Even more recent are the remarks Hagee made during an interview at the Christian Booksellers Association convention in July 1998. David Becker of the Religion & Politics Digest asked Hagee to comment as to his position that Jews do not need to be converted to Christianity. Hagee responded that:

“In Romans 10, Romans 11, Paul opens with a question, Has God forsaken Israel? And emphatically he says, ‘No!’ He asks the same question again in 11:11, Has God forsaken Israel? He says, ‘No!’ But the fact is he says that God has a remnant chosen by the election of grace, meaning that there are a group of Jewish people that have a relationship with God because of sovereign election. And he explains sovereign election in Romans 11. Many people understand sovereign election. Many people do not understand sovereign election. ... So he said, I have chosen some of the remnant of Abraham who have, quote, a relationship with God by the election of grace. Some of them have stumbled over Jesus Christ because I have, Romans 11, judicially blinded them to the identity of Jesus Christ. Here’s the Christian dilemma. That if God has judicially blinded the Jews to whom Jesus Christ is, why are Christians berating them for not seeing it?”18

In short, Hagee believes that some Jews are not saved by the cross of Christ but by prior election and their pedigree in Abraham. There is a way of salvation in Christ and an election of grace for the Jew apart from Christ. No matter how you nuance it or define it, this is “Two Covenant” theology. This can be classified technically as a modified “Dual Covenant” idea regardless of what Hagee wants to call it or not call it. Hagee believes that two covenants are in force: A covenant of election for the Jew and a covenant of grace for the Gentile. This is an attack on the very Gospel as presented by Jesus and Paul, as we’ll see. And then what about half Jews or Jewish converts? Where do they stand?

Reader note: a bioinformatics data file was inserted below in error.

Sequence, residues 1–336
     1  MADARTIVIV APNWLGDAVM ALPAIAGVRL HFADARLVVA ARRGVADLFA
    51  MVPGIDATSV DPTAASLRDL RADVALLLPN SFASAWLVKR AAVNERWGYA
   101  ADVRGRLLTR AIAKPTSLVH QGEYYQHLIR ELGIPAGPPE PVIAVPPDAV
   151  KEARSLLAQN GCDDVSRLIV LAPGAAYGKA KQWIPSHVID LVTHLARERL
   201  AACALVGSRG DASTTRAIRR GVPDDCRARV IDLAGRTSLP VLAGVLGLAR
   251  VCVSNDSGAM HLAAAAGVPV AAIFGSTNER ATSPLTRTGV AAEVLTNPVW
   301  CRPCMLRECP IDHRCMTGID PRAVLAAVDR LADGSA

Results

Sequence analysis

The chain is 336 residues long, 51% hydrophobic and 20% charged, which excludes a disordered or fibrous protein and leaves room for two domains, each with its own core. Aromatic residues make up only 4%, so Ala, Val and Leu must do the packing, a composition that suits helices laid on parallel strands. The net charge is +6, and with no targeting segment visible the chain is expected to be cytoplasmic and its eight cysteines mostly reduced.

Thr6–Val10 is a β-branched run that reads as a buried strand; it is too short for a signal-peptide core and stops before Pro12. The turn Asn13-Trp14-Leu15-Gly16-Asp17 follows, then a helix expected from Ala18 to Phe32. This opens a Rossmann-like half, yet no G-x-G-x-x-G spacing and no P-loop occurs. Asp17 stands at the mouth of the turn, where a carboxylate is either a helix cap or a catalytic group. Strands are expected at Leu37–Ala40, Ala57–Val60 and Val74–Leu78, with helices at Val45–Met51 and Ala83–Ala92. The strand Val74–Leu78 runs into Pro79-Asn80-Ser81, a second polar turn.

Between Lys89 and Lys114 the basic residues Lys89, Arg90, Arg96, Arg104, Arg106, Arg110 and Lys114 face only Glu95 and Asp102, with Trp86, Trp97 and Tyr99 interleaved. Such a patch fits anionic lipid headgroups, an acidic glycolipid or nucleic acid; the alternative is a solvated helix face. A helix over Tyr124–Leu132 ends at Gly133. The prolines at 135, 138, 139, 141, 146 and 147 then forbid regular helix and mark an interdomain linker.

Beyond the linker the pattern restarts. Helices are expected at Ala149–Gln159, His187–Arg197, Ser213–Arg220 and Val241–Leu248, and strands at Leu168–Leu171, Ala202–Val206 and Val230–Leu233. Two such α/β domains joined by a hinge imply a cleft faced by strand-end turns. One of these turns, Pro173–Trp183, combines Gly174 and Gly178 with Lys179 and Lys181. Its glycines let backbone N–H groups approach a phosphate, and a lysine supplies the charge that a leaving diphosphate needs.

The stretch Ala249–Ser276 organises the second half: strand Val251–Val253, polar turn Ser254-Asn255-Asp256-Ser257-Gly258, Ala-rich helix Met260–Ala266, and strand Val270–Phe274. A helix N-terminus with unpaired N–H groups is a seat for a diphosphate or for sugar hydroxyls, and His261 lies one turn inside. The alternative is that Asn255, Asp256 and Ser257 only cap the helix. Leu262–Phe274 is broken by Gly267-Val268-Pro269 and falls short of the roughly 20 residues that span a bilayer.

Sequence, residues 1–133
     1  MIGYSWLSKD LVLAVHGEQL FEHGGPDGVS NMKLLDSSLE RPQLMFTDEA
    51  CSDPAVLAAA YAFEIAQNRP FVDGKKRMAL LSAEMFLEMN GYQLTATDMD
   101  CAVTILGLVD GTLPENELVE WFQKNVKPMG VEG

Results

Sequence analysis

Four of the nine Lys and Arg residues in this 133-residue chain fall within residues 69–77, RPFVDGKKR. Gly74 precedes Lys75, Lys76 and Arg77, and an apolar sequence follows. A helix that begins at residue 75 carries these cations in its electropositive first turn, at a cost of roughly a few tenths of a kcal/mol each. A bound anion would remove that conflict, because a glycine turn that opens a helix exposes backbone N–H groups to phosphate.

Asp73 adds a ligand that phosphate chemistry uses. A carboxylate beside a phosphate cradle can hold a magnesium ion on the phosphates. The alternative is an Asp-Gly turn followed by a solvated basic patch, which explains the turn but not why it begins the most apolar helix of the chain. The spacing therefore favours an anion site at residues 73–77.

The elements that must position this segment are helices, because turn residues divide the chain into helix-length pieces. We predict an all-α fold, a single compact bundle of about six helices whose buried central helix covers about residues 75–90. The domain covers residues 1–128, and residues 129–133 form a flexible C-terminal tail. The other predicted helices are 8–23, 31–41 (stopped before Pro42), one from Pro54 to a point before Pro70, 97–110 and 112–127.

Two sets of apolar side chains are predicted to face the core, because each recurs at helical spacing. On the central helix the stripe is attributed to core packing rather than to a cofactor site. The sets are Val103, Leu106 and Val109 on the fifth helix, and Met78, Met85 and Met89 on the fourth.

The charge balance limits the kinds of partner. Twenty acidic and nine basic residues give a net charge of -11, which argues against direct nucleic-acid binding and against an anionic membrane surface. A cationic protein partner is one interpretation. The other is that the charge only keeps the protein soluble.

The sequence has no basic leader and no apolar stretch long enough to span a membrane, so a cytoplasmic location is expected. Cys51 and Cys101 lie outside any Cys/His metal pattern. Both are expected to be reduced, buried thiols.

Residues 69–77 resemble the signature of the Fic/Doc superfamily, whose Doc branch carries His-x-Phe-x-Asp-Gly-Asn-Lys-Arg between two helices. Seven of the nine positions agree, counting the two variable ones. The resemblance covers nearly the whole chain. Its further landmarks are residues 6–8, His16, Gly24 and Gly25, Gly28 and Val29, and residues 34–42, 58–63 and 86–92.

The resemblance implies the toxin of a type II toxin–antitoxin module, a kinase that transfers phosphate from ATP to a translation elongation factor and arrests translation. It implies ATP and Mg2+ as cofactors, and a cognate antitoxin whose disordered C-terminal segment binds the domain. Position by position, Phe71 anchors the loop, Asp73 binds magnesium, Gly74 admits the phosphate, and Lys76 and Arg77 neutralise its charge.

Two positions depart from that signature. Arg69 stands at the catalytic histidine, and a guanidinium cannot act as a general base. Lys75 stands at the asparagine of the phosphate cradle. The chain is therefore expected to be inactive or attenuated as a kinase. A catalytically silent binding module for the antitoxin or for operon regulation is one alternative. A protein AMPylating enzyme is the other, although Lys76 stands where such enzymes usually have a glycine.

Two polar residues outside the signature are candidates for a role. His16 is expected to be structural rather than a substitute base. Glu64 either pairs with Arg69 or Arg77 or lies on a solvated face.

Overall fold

The idea that Jews do not need the Gospel or conversion is sometimes subsumed under the title, “Christian Zionism,” although the designation can simply mean Christians who support Israel. The term “Christian Zionism” ends up being like Silly Putty. Each person makes what they wish out of it.

One must realize that the term Christian Zionist can cover a wide range of beliefs. Elwood McQuaid articulates the most benign and simplistic view this way:

“At its root, Zionism simply means a commitment to the inherent right of the Jewish people to have an internationally recognized homeland in the Middle East — the place referred to by Jews today as ‘Eretz Israel.’ Whether or not people consciously utter the word about themselves, if they accept the concept of a biblically endorsed Jewish right to the land, they are Zionists.”19

But there was a so-called Christian Zionism (which said Jews do not need Jesus or the New Covenant), championed in the 1970s by Franklin Littell in his book, The Crucifixion of the Jews. Littell went so far as to classify any who do not see Israel as the suffering servant redeemed under the Old Covenant alone, guilty of “theological Antisemitism”20 and “major sin.”21 And he labels dissenters of his view as nothing more than “heretics and apostates” and “illegitimate rather than authentic expressions of Christian preaching and teaching.”22 It is unfortunate that Littell was able to argue from the anti-semitic statements and ideas of Reformer Martin Luther.

Littell also summarized succinctly the core of this strain of Christian Zionism, reprinting the statement released by an ecumenical council in 1973. The pertinent sentences include: